Kittie Smith did not lead a normal life. Hers was exceptional. She was born with both arms, but they were amputated after her alcoholic father held her to a lit stove. She was ten years old at the time. Unwilling to speak against him, she claimed all responsibility for the supposed accident. Still, authorities permanently removed her from his care. Despite her trauma, Armless Wonder Kittie Smith (Kathryn M. R. Smith, 1882-1967) made her way cheerfully in the world with courage, dignity and grace. She also exhibited impressive business acumen.
In later years, she earned money as an “Armless Wonder” in circuses. She was also the first woman to vote in Chicago in 1913. She cast her ballot with her feet.
Kittie Smith Bounced Forward
According to Dorothy Dale of the Pittsburgh Press in 1910, Smith’s neighbors at the time of the accident said that the “nine-year-old child would have been better off had she died than to be so afflicted with her father, baby sister and two little brothers to housekeep for.” But with extreme optimism and positive thinking, Kittie Smith considered herself to be extremely lucky in life.
In Bouncing Forward, The Art And Science of Cultivating Resilience, Michaela Haas Ph.D. presents an extraordinary vision of contemporary people who not only survived unfathomable trauma, but also thrived after their experiences. Kittie Smith would have been an excellent interview for Bouncing Forward. Smith forgave her father and like Nellie Bly, never dwelled on her past. She embraced her pain and overcame her limitations. As Haas says, Smith refused to let her circumstances define her. She bounced forward.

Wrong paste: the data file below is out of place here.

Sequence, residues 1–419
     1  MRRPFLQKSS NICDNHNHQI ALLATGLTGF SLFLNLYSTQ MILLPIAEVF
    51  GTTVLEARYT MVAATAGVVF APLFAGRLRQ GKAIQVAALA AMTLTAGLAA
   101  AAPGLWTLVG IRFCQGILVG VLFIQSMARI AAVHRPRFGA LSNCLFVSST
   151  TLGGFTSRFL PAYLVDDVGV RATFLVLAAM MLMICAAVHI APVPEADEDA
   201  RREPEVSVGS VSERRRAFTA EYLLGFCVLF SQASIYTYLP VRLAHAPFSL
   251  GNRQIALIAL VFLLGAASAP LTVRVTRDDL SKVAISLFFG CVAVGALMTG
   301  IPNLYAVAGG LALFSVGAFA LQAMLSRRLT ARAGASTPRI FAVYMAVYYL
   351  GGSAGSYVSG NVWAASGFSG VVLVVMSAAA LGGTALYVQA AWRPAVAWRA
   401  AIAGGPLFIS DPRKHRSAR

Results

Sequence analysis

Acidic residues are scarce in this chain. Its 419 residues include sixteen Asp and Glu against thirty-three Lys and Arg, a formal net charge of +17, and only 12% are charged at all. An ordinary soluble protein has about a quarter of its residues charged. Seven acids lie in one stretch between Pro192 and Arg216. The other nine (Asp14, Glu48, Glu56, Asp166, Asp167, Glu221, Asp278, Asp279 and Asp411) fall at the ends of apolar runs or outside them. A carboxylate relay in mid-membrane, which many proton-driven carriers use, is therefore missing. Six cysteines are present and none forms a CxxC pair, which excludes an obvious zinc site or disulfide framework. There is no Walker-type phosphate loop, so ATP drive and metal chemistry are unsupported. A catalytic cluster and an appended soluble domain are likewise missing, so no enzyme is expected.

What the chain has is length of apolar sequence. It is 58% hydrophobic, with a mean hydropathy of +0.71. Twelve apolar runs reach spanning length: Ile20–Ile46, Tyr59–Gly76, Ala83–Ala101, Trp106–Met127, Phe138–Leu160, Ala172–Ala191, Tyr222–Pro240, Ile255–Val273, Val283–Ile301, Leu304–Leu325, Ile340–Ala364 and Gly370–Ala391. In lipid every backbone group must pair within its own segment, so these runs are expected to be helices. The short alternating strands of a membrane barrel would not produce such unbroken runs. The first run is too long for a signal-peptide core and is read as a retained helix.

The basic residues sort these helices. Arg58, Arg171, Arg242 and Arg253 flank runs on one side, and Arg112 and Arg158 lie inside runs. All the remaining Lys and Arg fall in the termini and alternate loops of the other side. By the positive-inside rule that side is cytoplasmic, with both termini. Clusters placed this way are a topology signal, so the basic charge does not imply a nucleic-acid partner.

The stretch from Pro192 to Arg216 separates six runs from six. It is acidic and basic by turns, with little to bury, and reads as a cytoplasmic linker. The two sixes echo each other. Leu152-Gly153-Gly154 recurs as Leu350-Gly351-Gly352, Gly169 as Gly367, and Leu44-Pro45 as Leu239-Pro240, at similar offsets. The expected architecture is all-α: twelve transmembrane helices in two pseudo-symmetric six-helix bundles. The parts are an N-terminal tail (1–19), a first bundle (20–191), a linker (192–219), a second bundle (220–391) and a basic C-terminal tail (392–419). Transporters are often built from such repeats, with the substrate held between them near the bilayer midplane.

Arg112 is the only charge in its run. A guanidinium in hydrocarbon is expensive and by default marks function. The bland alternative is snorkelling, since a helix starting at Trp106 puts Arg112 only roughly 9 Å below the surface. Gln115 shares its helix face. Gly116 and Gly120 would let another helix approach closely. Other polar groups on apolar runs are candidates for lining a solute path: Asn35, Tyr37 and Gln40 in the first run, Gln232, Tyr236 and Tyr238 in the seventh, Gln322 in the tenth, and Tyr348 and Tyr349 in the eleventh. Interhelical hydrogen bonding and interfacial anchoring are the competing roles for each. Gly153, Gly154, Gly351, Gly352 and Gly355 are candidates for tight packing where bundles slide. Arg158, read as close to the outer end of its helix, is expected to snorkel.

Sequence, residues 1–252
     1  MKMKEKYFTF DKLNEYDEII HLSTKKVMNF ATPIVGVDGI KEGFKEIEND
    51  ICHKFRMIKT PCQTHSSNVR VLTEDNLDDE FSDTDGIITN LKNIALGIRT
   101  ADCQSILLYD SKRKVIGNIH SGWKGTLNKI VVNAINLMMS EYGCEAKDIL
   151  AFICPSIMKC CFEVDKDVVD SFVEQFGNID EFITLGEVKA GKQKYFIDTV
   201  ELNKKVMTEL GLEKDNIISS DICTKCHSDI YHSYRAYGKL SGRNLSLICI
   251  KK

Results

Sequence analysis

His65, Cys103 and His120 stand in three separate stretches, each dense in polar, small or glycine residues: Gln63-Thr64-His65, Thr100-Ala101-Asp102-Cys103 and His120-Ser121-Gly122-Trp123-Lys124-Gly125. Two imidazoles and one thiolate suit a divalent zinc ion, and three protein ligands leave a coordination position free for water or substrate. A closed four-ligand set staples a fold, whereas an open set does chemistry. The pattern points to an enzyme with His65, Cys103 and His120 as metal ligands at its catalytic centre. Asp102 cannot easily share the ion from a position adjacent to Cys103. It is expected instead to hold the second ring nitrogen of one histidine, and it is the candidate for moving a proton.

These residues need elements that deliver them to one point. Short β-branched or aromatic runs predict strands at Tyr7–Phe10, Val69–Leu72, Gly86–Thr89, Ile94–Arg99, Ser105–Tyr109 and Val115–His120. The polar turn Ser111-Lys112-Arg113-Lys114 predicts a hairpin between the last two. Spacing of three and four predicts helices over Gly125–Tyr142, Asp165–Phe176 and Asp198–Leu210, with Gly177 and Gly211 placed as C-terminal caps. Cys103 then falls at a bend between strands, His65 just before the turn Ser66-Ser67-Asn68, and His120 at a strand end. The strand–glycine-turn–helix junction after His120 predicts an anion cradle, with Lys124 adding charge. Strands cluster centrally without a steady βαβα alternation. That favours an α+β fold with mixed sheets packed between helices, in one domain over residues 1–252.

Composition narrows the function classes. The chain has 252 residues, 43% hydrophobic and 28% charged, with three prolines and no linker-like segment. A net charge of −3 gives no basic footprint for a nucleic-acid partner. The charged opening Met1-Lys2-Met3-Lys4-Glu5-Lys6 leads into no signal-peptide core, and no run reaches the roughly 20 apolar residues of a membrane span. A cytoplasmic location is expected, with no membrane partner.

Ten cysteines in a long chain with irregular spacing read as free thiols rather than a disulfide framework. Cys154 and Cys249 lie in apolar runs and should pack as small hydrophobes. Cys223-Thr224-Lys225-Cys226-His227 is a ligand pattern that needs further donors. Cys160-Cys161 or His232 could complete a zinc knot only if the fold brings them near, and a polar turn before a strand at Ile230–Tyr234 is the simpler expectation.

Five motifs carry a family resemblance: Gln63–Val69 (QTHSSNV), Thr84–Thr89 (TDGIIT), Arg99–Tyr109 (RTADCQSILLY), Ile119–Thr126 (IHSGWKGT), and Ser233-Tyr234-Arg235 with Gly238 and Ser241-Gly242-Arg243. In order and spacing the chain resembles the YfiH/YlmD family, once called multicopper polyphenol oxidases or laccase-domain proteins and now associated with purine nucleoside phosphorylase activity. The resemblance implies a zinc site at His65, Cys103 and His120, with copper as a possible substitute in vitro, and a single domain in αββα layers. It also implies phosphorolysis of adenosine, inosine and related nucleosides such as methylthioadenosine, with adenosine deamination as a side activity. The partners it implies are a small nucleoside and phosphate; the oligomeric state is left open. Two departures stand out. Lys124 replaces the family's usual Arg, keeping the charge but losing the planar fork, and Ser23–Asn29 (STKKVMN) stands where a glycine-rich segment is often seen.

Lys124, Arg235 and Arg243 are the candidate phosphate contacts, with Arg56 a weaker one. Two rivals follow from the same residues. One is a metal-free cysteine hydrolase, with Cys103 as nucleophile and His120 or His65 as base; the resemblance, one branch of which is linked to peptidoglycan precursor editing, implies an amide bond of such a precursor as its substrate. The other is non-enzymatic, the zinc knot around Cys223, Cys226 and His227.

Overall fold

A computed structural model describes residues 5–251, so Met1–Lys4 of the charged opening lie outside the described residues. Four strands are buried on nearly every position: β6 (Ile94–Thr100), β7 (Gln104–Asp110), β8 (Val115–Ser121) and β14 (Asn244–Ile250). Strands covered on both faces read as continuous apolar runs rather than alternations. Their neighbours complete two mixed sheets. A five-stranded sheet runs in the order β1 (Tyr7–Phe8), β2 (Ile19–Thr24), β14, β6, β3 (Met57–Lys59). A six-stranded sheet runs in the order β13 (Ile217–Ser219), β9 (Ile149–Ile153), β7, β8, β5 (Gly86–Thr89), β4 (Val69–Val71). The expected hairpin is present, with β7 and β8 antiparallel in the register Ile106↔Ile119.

Armless Wonder Kittie Smith’s Autobiographical Pamphlet
Kittie Smith published her autobiographical pamphlet years after her loss. In it she said her younger brother saved her from death on the day of the accident. After her lengthy hospitalization, she became a ward of the Children’s Home Society of Chicago, Illinois. She spent four years at the Home for Destitute Crippled Children, where she attended school and learned to perform everyday tasks. It seems she lived with joy, forgiveness and a determination to live a full life.
Dr. Frank M. Gregg established the “Kitty Smith Fund” to pay for her education. After leaving the home, she went to stay with a family in Poynette, Wisconsin. When she turned 21 she was no longer eligible for assistance from the state. With no biological family willing or able to help her, Kittie Smith struck out on her own.
Kittie Smith travelled, giving personal demonstrations and lectures. She also distributed autobiographical pamphlets with a slot for a coin. Her optimism and determination resulted in a considerable income for her day. Some accounts estimate the amount as high as $35,000. That would be worth roughly $850,000 today. While the number is uncertain, we do know from Dorothy Dale’s article in the Pittsburgh Press that she spearheaded a charity organization and ran a house for handicapped children.
Kittie Smith’s Drawings Today
In addition to her many talents and skills, Smith was also an entirely self-taught artist. After she turned her attention to drawing, she was soon selling her work to supplement her income.
Bromer Booksellers displays a remarkable Kittie Smith drawing titled Pencil Drawing of Three Cats Executed With The Artist’s Toes. Two images share a single sheet: on the left is a cat peeking out of a shoe, and on the right are two anthropomorphic cats courting over a picket fence. A card signed by Kittie Smith is attached at the top of the page. It reads, “Poynette, Wisconsin. Written and drawn with her toes. 1903.”
The drawing is accompanied by Kittie Smith’s 32-page autobiographical booklet.
“The drawing is reproduced in the accompanying booklet, “My Life Story,” a 32pp. autobiography first published in 1906. This is a later edition, and it includes numerous examples of Smith’s artwork and black & white photographs showing the artist combing her hair, building furniture out of wood, and writing at her desk, all with her toes.”